Association of Prenatal Alcohol Exposure with Psychological, Behavioral, and Neurodevelopmental Outcomes in Children From the Adolescent Brain Cognitive Development Study
Data on the neurodevelopmental and associated behavioral effects of light to moderate in utero alcohol exposure are limited. This retrospective investigation tested for associations between reported maternal prenatal alcohol use and psychological, behavioral, and neurodevelopmental outcomes in substance-naive youths.
Participants were 9,719 youths (ages 9.0 to 10.9 years) from the Adolescent Brain Cognitive Development Study. Based on parental reports, 2,518 (25.9%) had been exposed to alcohol in utero. Generalized additive mixed models and multilevel cross-sectional and longitudinal mediation models were used to test whether prenatal alcohol exposure was associated with psychological, behavioral, and cognitive outcomes, and whether differences in brain structure and resting-state functional connectivity partially explained these associations at baseline and 1-year follow-up, after controlling for possible confounding factors.
Prenatal alcohol exposure of any severity was associated with greater psychopathology, attention deficits, and impulsiveness, with some effects showing a dose-dependent response. Children with prenatal alcohol exposure, compared with those without, displayed greater cerebral and regional volume and greater regional surface area. Resting-state functional connectivity was largely unaltered in children with in utero exposure. Some of the psychological and behavioral outcomes at baseline and at the 1-year follow-up were partially explained by differences in brain structure among youths who had been exposed to alcohol in utero.
Any alcohol use during pregnancy is associated with subtle yet significant psychological and behavioral effects in children. Women should continue to be advised to abstain from alcohol consumption from conception throughout pregnancy.
This study finds that no level of alcohol is safe during pregnancy.
Our research found that even small amounts of alcohol consumed while pregnant can have a significant impact on a child’s brain development,” said Ms. Briana Lees lead author of the study as per, The University of Sydney News.Ms. Briana Lees lead author of the study, PhD candidate at the Matilda Centre for Research in Mental Health and Substance Use, University of Sydney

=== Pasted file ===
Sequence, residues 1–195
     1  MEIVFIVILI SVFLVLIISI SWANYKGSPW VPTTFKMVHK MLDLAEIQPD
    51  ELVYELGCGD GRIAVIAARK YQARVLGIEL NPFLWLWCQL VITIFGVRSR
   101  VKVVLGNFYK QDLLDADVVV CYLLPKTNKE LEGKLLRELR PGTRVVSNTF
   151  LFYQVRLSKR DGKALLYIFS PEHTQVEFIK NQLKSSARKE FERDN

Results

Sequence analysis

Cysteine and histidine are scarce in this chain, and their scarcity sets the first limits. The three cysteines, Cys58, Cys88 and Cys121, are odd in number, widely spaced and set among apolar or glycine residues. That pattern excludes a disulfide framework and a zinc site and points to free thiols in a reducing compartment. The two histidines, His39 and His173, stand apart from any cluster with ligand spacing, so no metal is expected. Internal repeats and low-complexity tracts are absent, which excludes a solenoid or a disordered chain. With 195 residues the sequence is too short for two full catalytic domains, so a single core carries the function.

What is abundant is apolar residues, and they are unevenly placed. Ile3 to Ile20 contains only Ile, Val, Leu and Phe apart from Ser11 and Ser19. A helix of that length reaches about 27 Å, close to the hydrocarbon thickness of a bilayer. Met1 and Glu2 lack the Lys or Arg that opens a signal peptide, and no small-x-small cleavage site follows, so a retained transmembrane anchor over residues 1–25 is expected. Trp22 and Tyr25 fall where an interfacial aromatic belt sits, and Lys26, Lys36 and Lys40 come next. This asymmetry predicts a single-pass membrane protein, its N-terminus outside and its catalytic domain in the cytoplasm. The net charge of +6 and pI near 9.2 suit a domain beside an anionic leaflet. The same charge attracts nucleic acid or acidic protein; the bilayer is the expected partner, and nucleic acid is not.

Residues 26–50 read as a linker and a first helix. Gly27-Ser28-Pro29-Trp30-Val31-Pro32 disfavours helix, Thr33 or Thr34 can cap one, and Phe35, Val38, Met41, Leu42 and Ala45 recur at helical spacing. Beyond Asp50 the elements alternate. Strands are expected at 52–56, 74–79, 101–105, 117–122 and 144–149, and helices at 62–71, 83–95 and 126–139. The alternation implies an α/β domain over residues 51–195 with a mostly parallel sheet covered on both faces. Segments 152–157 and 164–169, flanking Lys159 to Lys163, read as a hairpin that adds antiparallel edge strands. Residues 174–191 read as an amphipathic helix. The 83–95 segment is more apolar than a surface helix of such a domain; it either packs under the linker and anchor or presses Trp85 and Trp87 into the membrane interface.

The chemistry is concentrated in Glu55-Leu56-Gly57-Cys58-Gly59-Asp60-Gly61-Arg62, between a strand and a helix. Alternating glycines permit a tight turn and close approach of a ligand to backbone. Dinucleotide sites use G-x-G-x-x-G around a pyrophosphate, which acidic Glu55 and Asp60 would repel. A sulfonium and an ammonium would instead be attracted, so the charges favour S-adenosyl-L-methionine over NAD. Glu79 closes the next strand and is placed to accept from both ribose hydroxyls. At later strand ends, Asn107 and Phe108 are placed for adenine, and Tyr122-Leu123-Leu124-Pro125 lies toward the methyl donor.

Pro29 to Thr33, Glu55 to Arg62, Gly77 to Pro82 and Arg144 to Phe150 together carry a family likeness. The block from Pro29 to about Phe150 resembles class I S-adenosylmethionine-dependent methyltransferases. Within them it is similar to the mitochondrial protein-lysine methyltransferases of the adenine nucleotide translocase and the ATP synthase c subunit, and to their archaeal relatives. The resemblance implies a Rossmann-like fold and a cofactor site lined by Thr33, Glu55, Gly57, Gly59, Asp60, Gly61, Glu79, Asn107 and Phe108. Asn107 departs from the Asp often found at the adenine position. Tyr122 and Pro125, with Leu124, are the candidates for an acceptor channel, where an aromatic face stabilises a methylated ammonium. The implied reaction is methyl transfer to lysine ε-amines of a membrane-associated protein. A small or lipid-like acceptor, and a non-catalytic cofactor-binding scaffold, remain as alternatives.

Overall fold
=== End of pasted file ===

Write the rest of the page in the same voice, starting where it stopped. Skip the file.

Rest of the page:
The study found that the same problems which develop in children due to high level pre-natal alcohol exposure such as through binge alcohol use, is seen in children even with low level pre-natal alcohol exposure.
Any prenatal alcohol exposure, increased the risk of impulsive behaviour, separation, anxiety, and oppositional behaviour, and that’s really significant,” said Dr. Elizabeth Elliott, a professor of pediatrics and child health at the University of Sydney, as per The Sydney Morning Herald.
That includes things like anxiety and depression, withdrawal, aggression, all the things that we see in high level exposure.”Dr. Elizabeth Elliott, professor of pediatrics and child health, University of Sydney
The results show that the abstaining from alcohol use even when planning a pregnancy is the best option. Population awareness must be increased as about half of all pregnancies are unplanned.
This data does indicate that there is no safe level of alcohol consumption from conception throughout the entire pregnancy, so even when planning a pregnancy, the safest option is to abstain.”Dr. Elizabeth Elliott, professor of pediatrics and child health, University of Sydney